one's best bib and tucker

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(one's) best bib and tucker

One's dressiest or most formal attire. A "bib" and a "tucker" are outdated clothing embellishments. Be sure to wear your best bib and tucker to the gala tonight.
See also: and, bib, tucker
Farlex Dictionary of Idioms. © 2015 Farlex, Inc, all rights reserved.

one's best bib and tucker

Rur. one's best clothing. I always put on my best bib and tucker on Sundays. Put on your best bib and tucker, and let's go to the city.
See also: and, bib, tucker
McGraw-Hill Dictionary of American Idioms and Phrasal Verbs. © 2002 by The McGraw-Hill Companies, Inc.

best bib and tucker, one's

Dressed in one’s finest clothes. A tucker was an ornamental piece of lace worn by women in the seventeenth and eighteenth centuries to cover the neck and shoulders. A bib was either a fancy frill worn at the front of a man’s shirt or an actual formal shirt front. Their pairing with best dates from the mid-eighteenth century. The word bib appeared in print in America in 1795: “The old gentleman put on his best bib and band [i.e., collar]” (The Art of Courting, Newburyport, Massachusetts). A later locution, dating from the mid-nineteenth century, is one’s Sunday best, also known as Sunday-go-to-meeting clothes. It refers to an era when one’s finery was reserved for church (or “prayer meeting”). These Americanisms sound archaic today. See also gussied up.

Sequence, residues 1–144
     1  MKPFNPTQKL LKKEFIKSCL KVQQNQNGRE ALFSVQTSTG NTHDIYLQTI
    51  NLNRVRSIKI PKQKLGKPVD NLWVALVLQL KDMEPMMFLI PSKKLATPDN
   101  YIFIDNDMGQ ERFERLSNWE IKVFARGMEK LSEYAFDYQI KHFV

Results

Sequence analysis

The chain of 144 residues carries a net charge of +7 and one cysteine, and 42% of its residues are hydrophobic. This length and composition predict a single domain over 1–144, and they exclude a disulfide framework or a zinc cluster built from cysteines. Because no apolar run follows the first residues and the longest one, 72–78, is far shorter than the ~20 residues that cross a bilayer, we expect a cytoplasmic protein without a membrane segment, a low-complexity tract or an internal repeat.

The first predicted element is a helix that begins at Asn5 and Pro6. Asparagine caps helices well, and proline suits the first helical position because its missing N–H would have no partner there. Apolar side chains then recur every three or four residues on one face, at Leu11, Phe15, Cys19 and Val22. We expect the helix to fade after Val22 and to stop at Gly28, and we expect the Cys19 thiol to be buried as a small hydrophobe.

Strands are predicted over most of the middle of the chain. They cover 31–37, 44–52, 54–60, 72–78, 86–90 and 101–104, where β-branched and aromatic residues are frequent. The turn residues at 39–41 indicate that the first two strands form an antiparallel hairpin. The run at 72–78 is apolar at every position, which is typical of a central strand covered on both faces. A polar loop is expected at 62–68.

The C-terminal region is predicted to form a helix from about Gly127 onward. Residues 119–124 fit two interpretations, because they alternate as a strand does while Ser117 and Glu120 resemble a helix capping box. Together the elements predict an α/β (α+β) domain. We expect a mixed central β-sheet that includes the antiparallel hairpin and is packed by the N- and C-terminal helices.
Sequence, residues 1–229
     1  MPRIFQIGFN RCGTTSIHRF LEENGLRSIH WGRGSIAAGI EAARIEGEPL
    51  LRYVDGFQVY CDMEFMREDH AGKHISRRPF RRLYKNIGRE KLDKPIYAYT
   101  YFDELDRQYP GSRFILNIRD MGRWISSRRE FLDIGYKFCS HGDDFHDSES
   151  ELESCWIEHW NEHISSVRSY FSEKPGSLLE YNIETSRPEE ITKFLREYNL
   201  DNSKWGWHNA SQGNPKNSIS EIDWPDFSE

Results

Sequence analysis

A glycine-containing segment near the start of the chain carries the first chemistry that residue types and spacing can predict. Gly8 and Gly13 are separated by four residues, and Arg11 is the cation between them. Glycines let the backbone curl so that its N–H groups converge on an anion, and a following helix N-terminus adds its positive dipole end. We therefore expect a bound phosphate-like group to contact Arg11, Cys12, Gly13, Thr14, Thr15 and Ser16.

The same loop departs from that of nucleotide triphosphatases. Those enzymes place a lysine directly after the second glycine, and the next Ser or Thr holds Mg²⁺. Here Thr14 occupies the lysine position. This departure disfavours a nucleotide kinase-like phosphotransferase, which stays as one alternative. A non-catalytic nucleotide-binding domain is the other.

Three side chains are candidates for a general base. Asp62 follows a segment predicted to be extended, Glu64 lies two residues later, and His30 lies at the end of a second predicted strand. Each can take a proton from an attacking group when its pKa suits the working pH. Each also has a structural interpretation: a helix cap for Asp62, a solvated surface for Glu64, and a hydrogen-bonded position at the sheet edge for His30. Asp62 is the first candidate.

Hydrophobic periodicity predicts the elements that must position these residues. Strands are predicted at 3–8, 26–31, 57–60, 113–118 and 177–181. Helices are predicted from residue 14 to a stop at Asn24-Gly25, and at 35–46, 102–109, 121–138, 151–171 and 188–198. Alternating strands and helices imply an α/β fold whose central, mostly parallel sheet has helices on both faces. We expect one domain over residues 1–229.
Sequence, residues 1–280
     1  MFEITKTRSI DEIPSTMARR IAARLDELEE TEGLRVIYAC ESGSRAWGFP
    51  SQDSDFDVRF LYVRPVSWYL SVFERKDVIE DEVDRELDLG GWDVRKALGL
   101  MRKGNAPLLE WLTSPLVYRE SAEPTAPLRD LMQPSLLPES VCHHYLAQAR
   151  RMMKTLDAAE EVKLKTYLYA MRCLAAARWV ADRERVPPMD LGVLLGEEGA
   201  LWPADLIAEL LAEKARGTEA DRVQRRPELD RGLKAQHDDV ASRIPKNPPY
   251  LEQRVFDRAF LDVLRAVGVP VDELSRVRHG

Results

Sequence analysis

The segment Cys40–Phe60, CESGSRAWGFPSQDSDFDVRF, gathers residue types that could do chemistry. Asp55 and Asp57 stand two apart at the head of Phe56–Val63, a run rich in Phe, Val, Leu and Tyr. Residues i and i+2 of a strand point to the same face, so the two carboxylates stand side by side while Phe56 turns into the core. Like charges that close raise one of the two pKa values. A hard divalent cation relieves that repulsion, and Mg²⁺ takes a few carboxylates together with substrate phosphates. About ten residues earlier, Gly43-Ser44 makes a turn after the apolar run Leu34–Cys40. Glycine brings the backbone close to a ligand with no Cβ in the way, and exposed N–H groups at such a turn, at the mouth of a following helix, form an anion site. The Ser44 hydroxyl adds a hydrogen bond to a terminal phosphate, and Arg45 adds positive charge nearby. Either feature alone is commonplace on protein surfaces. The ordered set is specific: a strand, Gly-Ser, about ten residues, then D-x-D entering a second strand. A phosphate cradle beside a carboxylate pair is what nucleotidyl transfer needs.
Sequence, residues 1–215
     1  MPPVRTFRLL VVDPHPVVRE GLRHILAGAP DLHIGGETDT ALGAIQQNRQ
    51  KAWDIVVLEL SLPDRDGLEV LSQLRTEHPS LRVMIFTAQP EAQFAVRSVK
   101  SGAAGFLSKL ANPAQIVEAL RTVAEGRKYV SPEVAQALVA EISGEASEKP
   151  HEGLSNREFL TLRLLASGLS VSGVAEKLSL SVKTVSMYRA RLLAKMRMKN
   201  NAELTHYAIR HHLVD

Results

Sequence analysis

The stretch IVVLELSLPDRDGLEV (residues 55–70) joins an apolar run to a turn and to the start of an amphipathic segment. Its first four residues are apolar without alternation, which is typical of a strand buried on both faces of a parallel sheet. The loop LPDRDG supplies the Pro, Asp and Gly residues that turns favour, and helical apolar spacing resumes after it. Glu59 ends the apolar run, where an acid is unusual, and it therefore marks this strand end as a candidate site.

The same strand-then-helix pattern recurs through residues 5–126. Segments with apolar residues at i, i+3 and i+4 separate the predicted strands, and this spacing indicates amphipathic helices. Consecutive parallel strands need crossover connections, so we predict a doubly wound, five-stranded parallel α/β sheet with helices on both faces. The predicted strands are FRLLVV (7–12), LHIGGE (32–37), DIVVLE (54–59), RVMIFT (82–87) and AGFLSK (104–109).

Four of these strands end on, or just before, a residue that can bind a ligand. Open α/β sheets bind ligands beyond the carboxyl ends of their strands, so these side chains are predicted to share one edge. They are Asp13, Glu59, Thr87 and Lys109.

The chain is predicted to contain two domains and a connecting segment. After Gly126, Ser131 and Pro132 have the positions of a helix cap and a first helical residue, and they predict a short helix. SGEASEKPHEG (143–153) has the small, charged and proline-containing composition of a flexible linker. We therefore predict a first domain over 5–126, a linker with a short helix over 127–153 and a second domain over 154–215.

See also: and, bib
The Dictionary of Clichés by Christine Ammer Copyright © 2013 by Christine Ammer
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